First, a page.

MUSIC in REVIEW • Matthew DeHeus - Mercy Me (5-Song EP)

Posted In: Arts & Entertainment, Artist Feature,   From Issue 904   By: Robert E Martin

29th October, 2020     0

With his third CD release titled Mercy Me, singer/songwriter Matthew deHeus continues further down the road of his musical journey of creating a diverse collection of original material that refuses to be easily classified by genre, yet is equally purposeful and personal in terms of its lyrical and narrative tone, colored with highly engaging and accessible musical arrangements that pull the listener into the semi-autobiographical mosaic of his lyrical insight and tightly crafted musicianship.

Similar to his earlier releases, Silk Purses and Town & Country, Matt’s latest collection of originals was recorded, mixed, and mastered at Reed Recording Company, and showcases the deep vocal richness of Matt’s baritone voice, which has been compared to such artists as Johnny Cash, Waylon Jennings, and Charlie Rich, adding both weight and luster to the lyrical topics of his new originals, which cover the range from realization and regret to resolution and acceptance.

Beginning with the mandolin intro on Let the Song Speak, a mandolin intro sets the tone on Matt’s newest release with a freewheeling & up-tempo musical ride into days of youth, when we assemble visions, make plans, and develop appetites for living that are often not easily satisfied; and when two people have nothing to say, they should just ‘let the song speak’.

The second track, Gray, ramps things down a notch with a more somber reflection about how fortunes can change, how faith is forged, and how we ‘chase rainbows for the truth and wait for the world to improve’.  Reflective and forthright, the song serves as a simple meditation upon the nature of duality that permeates our lives; and is summed up in the refrain when Matt sings:  ‘You ask what’s behind the color of the sky, I say gray’s just another side of blue’.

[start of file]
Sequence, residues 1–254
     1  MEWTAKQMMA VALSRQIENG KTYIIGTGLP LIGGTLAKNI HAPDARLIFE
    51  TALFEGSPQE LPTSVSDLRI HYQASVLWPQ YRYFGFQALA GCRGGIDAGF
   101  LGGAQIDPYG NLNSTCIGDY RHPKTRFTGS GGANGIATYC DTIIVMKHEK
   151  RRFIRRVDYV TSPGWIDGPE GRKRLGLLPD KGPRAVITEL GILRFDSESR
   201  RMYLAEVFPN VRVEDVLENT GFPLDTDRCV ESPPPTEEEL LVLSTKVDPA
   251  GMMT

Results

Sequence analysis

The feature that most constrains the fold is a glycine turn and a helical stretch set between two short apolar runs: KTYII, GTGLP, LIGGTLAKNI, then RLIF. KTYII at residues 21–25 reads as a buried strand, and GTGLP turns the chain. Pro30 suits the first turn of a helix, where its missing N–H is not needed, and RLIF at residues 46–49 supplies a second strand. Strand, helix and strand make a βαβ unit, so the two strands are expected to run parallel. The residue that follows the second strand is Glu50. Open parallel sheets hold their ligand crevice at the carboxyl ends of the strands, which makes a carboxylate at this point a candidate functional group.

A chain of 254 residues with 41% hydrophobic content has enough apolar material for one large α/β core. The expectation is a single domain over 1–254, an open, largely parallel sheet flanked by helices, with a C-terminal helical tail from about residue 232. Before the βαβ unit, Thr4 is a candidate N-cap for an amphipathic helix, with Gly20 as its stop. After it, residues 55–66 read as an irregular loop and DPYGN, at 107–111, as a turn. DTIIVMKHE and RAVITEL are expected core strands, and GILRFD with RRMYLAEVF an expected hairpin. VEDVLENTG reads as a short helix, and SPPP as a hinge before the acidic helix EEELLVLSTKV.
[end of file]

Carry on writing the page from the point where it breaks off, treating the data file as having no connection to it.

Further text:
The tenor picks up again with the up-beat and melodically infectious, Baby, Baby, replete with a toe-tapping Motown-esque back-beat and an almost Springsteen-esque lyrical structure that could have been an outtake from the Boss’s  Born to Run.  The song stands out in terms of the way Matt is consciously exploring different styles in the way he renders his music and is accented with some tightly orchestrated horn arrangements as it swells into the chorus.

Bitter Rain carries on as a classically rendered ballad, driven by a solid backbeat and colored with slide guitar as Matt displays his story-telling skills to reflect upon lessons learned from a failed relationship, with Andy Reed and Scott VanDell milking both veiled agony and disciplined transcendence out of each musical note.

Hands down, however, the stand-out track on Mercy Me is the closing composition titled Gone.

Reflective without becoming melancholy, the song builds upon the memories of things we mean and intend to do in relationships, and how we come to moments where departure is the best route we can take in order to move forward.   Featuring a poignant harp solo by Rosco Selley, the rich dynamics and tight song construction make this track one of the finest new releases I’ve heard in 2020.

I highly urge you to pick up a copy of Mercy Me and add it to your musical collection. You can stream and download it at the usual outlets such as Amazon, Bandcamp, and Spotify; and Matt is also at Herter Music in Bay City five days a week if you’d like to obtain a physical CD. 



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